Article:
In the November 2012 Common’Tater
CETS Uses Cutting-Edge Technology to Produce Early Generation, Clean Seed Potatoes
AstroTubers™ have the lowest pathogen level of any comparable seed potato and can be multiplied at a much faster rate
Ask any potato grower what the most important aspect of his operation is, and the answer you’ll get is: “It all starts with the seed.”
High quality, disease-free seed potatoes are a critically important component of all viable potato operations. Worldwide, a major emphasis is currently being placed on seed production systems that limit or reduce the number of field multiplications or generations originally derived from disease-free tissue culture plantlets. Numerous field tests and replicated research studies have confirmed the value of limiting the number of field multiplications. A Wisconsin-based company, CETS (Controlled Environment Technology Systems) LLC, is able to produce disease-free minitubers from tissue culture plantlets, known as AstroTubers ™, which are a type of seed potato used in the earliest generation of potato production. For the full story, see the November 2012 Annual Seed Issue of The Badger Common’Tater.
Wisconsin Develops Chip Varieties:
Evaluations of chipping potatoes at the Storage Research Facility
By Mary LeMere
Manager, Storage Research Facility, Hancock Agricultural Research Station
Development of chipping and other variety types is essential to meeting the specific needs of potato market end users. Approximately half of the research at the Wisconsin Potato & Vegetable Storage Research Facility is related to variety development. Storage evaluations of chipping varieties scrutinize processing color, glucose and sucrose trends, timing of senescent sweeting and susceptibility to pressure bruise. Tubers stored here range from the very early stages in the variety development process all the way to bulk storage production quantities. For more details, check out the November edition of The Badger Common’Tater.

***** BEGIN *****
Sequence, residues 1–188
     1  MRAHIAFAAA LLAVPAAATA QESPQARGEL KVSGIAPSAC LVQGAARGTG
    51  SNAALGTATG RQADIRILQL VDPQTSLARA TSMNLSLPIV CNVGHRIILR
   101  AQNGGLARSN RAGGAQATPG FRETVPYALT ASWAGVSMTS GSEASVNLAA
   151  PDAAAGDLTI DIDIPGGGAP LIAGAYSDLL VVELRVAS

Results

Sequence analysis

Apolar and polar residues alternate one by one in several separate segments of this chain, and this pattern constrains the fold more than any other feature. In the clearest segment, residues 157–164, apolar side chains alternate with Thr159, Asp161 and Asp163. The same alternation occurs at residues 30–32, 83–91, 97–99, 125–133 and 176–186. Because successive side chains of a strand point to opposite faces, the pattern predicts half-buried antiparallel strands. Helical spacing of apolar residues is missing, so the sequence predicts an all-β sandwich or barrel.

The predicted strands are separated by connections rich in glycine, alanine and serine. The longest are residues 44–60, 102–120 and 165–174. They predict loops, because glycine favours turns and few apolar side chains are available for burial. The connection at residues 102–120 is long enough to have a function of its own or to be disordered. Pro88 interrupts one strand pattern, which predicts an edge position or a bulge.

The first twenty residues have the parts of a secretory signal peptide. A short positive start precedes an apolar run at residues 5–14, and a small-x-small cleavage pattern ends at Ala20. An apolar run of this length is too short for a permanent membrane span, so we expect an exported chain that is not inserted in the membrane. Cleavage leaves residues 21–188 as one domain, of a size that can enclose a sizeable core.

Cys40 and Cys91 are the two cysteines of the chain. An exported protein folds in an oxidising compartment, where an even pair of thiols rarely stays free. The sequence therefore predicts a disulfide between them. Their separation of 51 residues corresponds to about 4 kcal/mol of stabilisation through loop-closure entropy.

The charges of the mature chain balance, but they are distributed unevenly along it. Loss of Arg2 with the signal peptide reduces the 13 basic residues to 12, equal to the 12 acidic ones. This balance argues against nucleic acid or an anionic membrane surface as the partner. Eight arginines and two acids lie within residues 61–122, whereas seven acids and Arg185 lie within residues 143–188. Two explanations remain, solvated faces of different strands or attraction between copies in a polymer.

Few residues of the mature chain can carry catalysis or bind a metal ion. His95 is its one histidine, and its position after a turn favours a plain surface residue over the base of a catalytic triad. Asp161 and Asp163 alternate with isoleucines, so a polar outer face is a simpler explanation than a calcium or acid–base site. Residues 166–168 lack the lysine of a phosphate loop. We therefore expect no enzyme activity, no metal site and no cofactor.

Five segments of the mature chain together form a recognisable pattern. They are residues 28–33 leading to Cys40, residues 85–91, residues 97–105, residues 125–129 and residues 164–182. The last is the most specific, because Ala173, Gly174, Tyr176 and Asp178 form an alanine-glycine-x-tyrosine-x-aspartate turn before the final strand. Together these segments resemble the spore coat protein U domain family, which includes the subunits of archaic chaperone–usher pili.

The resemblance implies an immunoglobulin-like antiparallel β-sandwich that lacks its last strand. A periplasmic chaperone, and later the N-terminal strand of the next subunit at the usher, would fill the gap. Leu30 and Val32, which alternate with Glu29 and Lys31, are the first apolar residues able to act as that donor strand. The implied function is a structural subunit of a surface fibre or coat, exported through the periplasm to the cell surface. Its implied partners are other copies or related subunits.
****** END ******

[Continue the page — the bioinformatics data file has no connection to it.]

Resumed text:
Wisconsin Grocers Association Innovation
26th Annual Spud Bowl
September 29, 2012
Community Stadium at Goerke Park, Stevens Point, WI
The WPVGA and the UW-Stevens Point football program are proud to partner with local farmers and vegetable growers for the event that annually highlights the benefits of locally grown, sustainable and healthy potatoes.
In conjunction with the Spud Bowl game, the WPVGA partnered with the UWSP School of Health Promotion and Human Development and the CPS Café to work collaboratively on the development of potato recipes and the promotion of local agriculture during “Spud Week,” the week leading up to the Spud Bowl game. During the week of September 24-29, the CPS Café developed and served five new recipes featuring Wisconsin potatoes; free samples of each newly developed recipe were served to at least 100 people each day of the week. A small farmer’s market was set up at the entrance to the CPS Café one day and “Spud Week” was promoted to all UWSP faculty, staff and students (over 10,000 people). All recipes were then shared in family size servings with the WPVGA. On game day, the first 1,000 fans through the gates received a free baked potato courtesy of Bushmans’ Inc., the 2012 Spud Bowl potato sponsor. At halftime, five recipients of the Spud Bowl scholarship were recognized. For complete coverage of the 26th Annual Spud Bowl, get the November 2012 issue of The Badger Common’Tater.
Kim Beckham (left), Director – Chef Instructor at CPS Café in the UW-Stevens Pont School of Health Promotion and Development, helped coordinate “Spud Week” at UWSP the week leading up to the Spud Bowl. She is pictured with one of her students, Alex Dassow, a Senior Dietetics major from Sheboygan. They are pictured by the banner promoting Spud Week (Best Spuds With Benefits!).
Spud Bowl committee member Dale Bowe serves a baked potato to a very excited UW-La Crosse fan. 1,000 baked potatoes were given away free at this year’s Spud Bowl.